10 Questions: The Gathering Edition – Nathan Lee James

We continue our interview series with members of The Gathering and GrayHaven Comics. We’ve put out the same questions to numerous individuals and can compare their responses. A hopefully intriguing interview series.

Check out our previous interviews.

George AmaruNick FrancisTravis M. HolyfieldChris Page
Elena AndrewsAndrew GoletzWilliam LevertAmanda Rachels
Arcadio BolañosDoug HahnerMarc LombardiJason Snyder
John M. CokerErica J. HeflinGlenn MatchettSam Tung
Marc DeschampsGary HoganJames O’Callaghan

Up next is artist Nathan Lee James who is our twentieth interview in the series!

Graphic Policy: How did you get started in the comic book industry?

Nathan Lee James: I’m still not sure, ha. I was originally going to be an animator, but I got a Fine Arts degree because I wanted to work for a specific studio that preferred that. But when I graduated, they had changed gears a lot, and I ended up directionless with a degree that was very difficult to get any use out of. I dabbled a bit in the graduate program, and I actually went into a bit of a depression and stopped drawing for years after that (there were “woman trouble” contributors to that as well). Luckily, I eventually made a few online friends who got me into some websites that got me drawing again and even got me some gigs. I dabbled in some independent film storyboarding also, mainly because I wanted to act and thought it might help me get in. I ended up meeting a writer on one of those jobs who wanted someone to illustrate his graphic novel series. That was my first attempt at doing comic book page art, though I had been doing my own humor comic strip for a while already. This first attempt of mine to illustrate a graphic novel didn’t come out that well, though I guess I’ve seen worse, but the writer loved it and it was a great learning experience. We got the first one out, self-published, and we even took it to Wizard World Texas one year, but the writer I was working with didn’t have much of a knack for promotion and distribution, and he didn’t want to go the traditional route. We began working on the second book anyway, as well as a color version of a standard comic book breakdown of the first (the first of which we also finished, self-published, and took to Wizard World), but the writer disappeared before we got very far. Still don’t know what happened to him. However, not long after that, I was recruited by GrayHaven, and I’ve since illustrated 5 stories for them, with more to come!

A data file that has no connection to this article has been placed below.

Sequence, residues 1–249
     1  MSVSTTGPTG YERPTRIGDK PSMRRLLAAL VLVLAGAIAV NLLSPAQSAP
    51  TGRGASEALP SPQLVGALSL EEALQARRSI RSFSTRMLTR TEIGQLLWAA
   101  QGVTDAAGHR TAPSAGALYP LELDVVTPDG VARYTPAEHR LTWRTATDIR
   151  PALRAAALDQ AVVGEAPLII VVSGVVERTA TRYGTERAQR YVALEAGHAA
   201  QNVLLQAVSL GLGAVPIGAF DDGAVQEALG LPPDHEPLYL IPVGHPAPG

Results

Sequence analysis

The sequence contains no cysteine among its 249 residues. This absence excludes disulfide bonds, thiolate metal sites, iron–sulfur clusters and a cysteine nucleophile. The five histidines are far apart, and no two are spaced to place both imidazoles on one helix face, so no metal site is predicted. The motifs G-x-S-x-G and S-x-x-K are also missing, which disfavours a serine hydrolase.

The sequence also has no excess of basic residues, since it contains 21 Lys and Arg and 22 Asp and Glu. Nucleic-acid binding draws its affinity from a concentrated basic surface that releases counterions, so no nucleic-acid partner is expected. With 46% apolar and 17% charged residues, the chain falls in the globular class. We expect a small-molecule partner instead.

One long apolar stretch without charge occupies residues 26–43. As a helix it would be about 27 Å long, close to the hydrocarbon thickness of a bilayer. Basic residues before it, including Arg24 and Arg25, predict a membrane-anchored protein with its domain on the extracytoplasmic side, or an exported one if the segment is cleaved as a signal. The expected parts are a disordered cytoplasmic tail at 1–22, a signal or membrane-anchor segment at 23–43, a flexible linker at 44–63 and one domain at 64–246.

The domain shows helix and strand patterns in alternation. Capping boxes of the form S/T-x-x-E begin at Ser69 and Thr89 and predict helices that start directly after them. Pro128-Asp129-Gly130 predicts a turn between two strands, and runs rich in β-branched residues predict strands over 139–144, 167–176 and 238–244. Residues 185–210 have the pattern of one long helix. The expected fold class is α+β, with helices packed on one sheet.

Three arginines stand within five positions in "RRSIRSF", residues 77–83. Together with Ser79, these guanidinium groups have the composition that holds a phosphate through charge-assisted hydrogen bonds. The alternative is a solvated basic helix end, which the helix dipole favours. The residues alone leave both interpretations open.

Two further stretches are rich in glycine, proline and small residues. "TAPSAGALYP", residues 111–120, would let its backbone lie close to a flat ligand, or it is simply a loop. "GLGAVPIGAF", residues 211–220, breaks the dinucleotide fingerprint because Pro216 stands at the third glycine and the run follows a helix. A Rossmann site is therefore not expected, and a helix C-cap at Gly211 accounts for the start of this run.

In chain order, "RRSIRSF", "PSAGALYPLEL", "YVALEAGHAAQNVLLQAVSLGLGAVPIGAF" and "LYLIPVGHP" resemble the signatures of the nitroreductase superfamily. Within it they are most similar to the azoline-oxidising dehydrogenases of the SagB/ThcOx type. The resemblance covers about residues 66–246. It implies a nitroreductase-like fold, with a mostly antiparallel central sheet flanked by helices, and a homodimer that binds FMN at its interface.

GP: Were you a fan of comic books before?

NLJ: Definitely, though maybe not the most popular titles. As a kid, I had some old Disney comics I used to practice drawing (and read and reread a lot). They were the late 70’s/early 80’s stuff, which wasn’t very good, but then Gladstone came along with reprints of some classic Disney stories, and that’s when I really got into comics. I was soon collecting Mickey Mouse, Donald Duck, Uncle Scrooge, and Walt Disney Comics and Stories. Later, I also started collecting Star Wars and Indiana Jones comics, and a few other titles after that. To this day, Uncle Scrooge McDuck is my favorite fictional character. I do love all the great superheroes, of course, but my fandom for them really comes from movies, television, and cartoons.

GP: Do you read comics now? If so, what are some of your current picks?

NLJ: My budget is really tight right now. In fact, I’m looking for a day job here in Austin and trying to get more paying commissions, and I’ve been doing that for a couple years now since I came to this city, though both my parents getting cancer in the past two years made things very difficult and required a lot of back and forth traveling that made job searching less effective, but I digress. I do still read comics, but much less often at the moment. I mainly get them in collection form, too. I’ve been picking up the Boom and KaBoom Disney comics I missed out on from a few years ago in collected form, and I’ve been trying to read some of the great graphic novels of the past too. A friend just sent me Watchmen! I also have been getting the English language version Sailor Moon mangas that have been coming out over the past year. Haven’t had a chance to read them yet, but I’m pretty psyched to. I got hooked on the cartoon back when it came to the U.S. as a DIC dub while I was an undergrad. Gorgeous schoolgirls fighting monsters, what more could I ask for? My dream is to marry a really excellent Sailor Scout cosplayer.